The Jesus College ski trip, usually held a week after the Varsity Trip, went to Alpe d’Huez this year. The trip presents itself as a more relaxed alternative to its Varsity equivalent with some nights involving pres and going out whereas others consist of homemade dinners and cosying up with a screening of Chalet Girl (a timeless ski classic). Seren Iwin offers her perspective on a trip that offers a lovely way to spend time with friends, away from the stress of Oxford academic life.
Waking up to clear skies where the sun’s radiance shimmers off the ice and illuminates the mountains is truly breathtaking. My excitement fluttered as I realised, I would be gliding through this gorgeous landscape, twisting, turning, flying…and falling of course!
Not only was it my first time in the Alps but my debut at speeding uncontrollably downhill on two planks of wood down what I considered to be the significant gradient of a green slope. I was told all I needed to do was ‘Let go’, channeling an energy not dissimilar to that of Elsa from Frozen. However, unlike this animated character, my powers did not extend to the realm of magic. The Snow Plough was my new best friend. I would inch down the slope, one little metre at a time. Eventually I came to realise this was unsustainable and after an icy third day skiing, the parallel turn was becoming my pal. Although stopping on a slope still required some work!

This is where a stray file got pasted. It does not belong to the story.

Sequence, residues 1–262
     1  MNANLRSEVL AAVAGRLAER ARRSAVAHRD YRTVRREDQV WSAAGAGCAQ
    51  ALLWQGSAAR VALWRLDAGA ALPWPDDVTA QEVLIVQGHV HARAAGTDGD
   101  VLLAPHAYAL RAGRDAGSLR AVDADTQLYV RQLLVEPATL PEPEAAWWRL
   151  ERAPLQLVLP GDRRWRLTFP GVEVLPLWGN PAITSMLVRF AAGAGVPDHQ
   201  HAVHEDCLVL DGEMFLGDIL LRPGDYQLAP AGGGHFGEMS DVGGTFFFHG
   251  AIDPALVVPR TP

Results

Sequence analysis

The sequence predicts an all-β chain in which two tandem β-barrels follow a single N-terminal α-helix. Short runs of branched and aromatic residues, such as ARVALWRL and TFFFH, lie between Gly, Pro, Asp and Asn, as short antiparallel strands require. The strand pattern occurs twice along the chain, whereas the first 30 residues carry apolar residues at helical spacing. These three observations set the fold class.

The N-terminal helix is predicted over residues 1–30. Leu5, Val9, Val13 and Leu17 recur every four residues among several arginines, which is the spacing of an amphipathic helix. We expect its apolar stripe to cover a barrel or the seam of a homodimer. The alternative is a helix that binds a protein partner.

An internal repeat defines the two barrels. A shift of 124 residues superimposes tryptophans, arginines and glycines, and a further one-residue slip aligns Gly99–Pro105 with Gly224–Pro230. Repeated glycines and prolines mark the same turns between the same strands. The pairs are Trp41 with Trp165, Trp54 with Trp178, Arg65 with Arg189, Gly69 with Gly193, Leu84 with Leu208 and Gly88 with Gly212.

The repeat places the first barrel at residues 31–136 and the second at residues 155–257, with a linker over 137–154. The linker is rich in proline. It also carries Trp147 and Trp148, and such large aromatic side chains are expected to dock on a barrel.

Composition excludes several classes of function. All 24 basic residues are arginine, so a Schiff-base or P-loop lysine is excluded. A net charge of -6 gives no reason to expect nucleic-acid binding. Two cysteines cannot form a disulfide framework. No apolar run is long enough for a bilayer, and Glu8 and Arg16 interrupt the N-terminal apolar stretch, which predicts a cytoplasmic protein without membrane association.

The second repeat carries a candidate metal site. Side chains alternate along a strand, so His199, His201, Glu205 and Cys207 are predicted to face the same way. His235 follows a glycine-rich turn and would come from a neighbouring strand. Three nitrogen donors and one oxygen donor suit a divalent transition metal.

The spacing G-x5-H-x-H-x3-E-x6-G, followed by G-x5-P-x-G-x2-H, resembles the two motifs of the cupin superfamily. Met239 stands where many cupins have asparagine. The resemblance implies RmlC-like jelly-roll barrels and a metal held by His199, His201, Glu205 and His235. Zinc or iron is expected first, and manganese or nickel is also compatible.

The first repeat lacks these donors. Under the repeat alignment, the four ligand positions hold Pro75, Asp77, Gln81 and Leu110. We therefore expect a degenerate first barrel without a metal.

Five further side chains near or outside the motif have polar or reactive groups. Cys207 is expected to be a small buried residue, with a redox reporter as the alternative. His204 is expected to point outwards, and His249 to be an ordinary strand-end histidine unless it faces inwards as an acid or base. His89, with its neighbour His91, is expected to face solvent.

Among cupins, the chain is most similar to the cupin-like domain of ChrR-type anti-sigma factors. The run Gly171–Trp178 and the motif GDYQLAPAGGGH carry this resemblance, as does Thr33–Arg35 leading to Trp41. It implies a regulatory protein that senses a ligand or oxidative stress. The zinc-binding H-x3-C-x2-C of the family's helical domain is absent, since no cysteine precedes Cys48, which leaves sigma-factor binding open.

The days whizzed by and the sunsets burned bright, setting the peaks’ celestial shimmer alight. My Jesus College friends and I set off for what was to be my first Après. It was rather a surreal experience being at the top of a mountain, with techno music making the snow rumble, the aroma of mulled wine mixing with cigarette smoke, the students dressed in sequined clothes, the occasional trumpet solo blasting across the valley and of course the dancing upon table-tops in ski boots!
We danced and danced, not leaving a square of the table-top free as we touched the sky. But my time was up, I needed to get the last lift back down to the resort. Reluctantly, I said goodbye and put my skis back on, making my way to the lift. However, when I approached, the lift marshal said one word: ‘Non’. My friends had been wrong, I could not go back down in skis! I suddenly had horrific visions of myself getting stuck in the dark on the blue slope. My next decision was one of pure desperation and potentially one of the most dramatic things I have ever done… and no, I did not ski down the blue slope, I hopped on the lift leaving my skis and poles at the top of the mountain!
The realisation of the problem I created grew on me. I panic rang multiple friends who were still at Après and to my relief they came through. I can only say that I was incredibly lucky that not only were my friends able to find my skis, but also that they were experienced enough so that one of them skied down while holding my skis in his arms while the other carried all the poles (six in total) down the slope. The most important lesson I learned from this trip is always travel with people who’ll be there for you.
The next day, with the change of the wind and the blizzard blowing in, it was time to leave this ethereal land. It was my first time skiing but I don’t think it will be my last.